This trend continued over the years. Rocky Mattioli won the WBC junior middleweight title over Eckhard Dagge in Germany in 1977, Jeff Harding won the WBC light heavyweight title over Dennis Andries in America in 1989 and Hall of Famer Kostya Tszyu had to win his first world title over IBF junior. Welterweight champion Jake Rodriguez in 1995.

Flyweight Vic Darchinyan won Irene Pacheco’s IBF US title in 2004. Gairy St Clair defeated Malcolm Klassen for the IBF super featherweight title in South Africa in 2006. Daniel Geale and Sam Soliman both went to Germany to win. IBF middleweight titles against Sebastian Silvester and Felix Sturm in 2011 and 2014, respectively.

Subriel Matias (right) blocks a Liam Paro (left) attack during their match at Coliseo Juan Aubín Cruz Abreu in Manati, Puerto Rico – Photo by Amanda Westcott/The Game Room

Recently, George Kambosos Jr stunned the boxing world with his victory over Teofimo Lopez in The Ring lightweight championship and the IBF/WBA/WBO titles in America in 2021, the same country Jason Moloney will move to two years later to become the WBO bantamweight champion. by defeating Vincent Astrolabio.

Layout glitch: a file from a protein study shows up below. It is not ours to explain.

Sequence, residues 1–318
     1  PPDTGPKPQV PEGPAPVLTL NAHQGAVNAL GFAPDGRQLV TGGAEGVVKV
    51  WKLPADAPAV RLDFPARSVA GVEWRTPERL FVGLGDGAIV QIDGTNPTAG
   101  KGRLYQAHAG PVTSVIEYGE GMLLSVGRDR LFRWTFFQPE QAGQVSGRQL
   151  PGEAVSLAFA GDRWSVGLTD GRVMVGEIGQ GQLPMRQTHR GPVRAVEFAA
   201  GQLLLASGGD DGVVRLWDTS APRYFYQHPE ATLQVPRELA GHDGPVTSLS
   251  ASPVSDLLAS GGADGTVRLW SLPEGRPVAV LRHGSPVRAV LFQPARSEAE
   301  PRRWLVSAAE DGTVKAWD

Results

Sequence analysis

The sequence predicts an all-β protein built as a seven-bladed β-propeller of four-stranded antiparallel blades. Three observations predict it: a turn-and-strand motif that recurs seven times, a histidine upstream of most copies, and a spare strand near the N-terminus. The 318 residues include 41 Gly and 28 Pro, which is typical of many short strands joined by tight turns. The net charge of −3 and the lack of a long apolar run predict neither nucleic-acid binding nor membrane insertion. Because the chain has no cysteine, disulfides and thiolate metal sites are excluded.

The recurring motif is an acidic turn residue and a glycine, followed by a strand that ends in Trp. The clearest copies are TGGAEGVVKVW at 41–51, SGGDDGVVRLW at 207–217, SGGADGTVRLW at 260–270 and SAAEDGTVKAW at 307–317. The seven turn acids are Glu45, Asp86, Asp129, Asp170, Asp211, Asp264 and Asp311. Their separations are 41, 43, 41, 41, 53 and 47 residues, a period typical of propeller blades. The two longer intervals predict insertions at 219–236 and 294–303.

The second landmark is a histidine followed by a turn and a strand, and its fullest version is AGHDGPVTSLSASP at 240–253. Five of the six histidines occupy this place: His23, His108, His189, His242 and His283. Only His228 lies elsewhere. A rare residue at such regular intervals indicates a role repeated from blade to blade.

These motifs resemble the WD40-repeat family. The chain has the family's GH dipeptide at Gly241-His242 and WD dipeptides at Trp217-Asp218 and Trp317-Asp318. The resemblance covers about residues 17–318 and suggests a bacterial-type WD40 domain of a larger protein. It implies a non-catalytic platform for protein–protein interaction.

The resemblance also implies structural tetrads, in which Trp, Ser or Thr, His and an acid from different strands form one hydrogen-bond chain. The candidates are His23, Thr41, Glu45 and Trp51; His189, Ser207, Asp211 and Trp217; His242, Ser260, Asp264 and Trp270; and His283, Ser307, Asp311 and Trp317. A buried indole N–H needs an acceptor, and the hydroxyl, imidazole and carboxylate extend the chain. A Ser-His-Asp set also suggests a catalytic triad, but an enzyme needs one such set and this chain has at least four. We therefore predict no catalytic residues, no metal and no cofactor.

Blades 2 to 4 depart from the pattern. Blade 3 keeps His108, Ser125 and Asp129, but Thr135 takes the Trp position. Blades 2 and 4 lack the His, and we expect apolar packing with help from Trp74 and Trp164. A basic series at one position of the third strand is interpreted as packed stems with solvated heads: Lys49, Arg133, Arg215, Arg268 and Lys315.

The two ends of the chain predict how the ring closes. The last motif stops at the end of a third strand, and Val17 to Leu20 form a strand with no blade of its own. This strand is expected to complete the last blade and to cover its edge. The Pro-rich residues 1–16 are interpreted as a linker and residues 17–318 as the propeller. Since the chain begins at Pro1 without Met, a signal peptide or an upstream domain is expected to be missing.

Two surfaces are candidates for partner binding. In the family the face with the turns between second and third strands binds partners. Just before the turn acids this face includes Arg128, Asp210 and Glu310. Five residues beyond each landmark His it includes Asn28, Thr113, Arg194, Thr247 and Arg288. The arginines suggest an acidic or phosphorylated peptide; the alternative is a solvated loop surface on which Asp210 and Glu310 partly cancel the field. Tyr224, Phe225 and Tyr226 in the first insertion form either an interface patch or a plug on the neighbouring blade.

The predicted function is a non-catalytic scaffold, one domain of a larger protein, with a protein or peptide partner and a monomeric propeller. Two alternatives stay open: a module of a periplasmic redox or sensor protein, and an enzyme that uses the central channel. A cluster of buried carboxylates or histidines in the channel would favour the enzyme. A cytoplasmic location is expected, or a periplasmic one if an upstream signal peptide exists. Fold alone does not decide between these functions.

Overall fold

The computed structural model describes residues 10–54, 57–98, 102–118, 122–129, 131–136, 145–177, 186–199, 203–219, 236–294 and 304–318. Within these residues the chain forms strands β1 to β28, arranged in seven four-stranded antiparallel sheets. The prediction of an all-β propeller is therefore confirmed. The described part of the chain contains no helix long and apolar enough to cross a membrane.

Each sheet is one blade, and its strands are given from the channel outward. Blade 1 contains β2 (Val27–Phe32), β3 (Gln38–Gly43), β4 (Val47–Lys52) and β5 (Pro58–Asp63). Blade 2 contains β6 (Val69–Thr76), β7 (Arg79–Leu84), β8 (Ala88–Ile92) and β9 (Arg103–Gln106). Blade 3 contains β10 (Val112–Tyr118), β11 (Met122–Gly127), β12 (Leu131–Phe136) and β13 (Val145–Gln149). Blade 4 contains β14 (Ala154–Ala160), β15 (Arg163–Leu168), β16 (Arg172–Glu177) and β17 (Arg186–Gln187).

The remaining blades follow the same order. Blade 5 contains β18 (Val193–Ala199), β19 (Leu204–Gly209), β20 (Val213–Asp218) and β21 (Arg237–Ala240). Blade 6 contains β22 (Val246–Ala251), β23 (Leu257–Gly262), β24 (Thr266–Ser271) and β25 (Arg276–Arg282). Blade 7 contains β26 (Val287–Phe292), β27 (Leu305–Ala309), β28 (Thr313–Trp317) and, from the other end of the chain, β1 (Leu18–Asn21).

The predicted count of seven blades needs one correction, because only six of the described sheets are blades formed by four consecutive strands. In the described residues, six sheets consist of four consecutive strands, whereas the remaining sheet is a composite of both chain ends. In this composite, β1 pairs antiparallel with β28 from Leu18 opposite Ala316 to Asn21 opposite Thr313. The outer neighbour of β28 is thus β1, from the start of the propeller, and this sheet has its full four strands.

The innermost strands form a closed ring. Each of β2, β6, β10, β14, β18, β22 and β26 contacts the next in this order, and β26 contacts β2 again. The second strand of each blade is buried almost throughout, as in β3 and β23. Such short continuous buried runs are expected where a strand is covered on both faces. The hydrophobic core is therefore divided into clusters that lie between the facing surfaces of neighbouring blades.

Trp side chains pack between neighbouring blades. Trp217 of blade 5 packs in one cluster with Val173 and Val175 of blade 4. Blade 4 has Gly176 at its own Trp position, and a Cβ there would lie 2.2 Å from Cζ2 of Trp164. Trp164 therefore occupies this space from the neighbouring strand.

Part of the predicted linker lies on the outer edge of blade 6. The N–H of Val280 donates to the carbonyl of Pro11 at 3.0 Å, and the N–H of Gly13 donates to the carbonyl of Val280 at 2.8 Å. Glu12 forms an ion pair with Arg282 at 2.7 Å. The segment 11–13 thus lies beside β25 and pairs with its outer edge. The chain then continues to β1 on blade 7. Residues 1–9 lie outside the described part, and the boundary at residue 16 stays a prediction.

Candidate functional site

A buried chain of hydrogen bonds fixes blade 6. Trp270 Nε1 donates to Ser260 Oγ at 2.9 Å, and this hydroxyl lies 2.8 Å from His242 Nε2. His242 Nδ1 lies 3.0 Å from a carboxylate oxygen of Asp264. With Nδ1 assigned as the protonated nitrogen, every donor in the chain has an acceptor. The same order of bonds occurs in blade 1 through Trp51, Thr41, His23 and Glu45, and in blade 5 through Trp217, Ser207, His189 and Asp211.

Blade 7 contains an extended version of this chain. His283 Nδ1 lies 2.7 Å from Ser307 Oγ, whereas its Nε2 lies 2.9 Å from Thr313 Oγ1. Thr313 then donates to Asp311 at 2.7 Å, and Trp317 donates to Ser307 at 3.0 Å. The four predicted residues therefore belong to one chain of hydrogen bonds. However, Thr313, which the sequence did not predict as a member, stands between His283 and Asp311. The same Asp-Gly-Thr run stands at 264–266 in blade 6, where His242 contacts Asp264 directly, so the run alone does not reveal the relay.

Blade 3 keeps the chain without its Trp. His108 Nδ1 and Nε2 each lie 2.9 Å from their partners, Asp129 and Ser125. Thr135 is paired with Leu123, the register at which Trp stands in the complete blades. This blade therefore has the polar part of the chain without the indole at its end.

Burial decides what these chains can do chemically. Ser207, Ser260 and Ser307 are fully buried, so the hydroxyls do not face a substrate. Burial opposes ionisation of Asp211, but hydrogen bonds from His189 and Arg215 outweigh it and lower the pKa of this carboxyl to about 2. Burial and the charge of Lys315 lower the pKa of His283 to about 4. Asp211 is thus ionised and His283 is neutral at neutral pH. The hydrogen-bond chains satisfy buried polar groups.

Among these wins are also stories of fortune, with names such as Paul Ferreri, Hector Thompson, Tony Mundine, Troy Waters, Hussein Hussein, Nedal Hussein, Paul Briggs and Michael Katsidis joining the long list of world title contenders who came up short. in their opponents’ backyard.

Victory on the road is not easy to come by.

Australia’s military has long had a reputation of being “strong but limited” and in many cases, that perception has been well deserved. But as recent history shows, the boxers of this vast but sparsely populated continent don’t just want to make it to the big dance, they want to take home the queen.

So where does Paro Matias’ victory rank among the biggest Aussie away wins?

That, gentle reader, is for you to decide.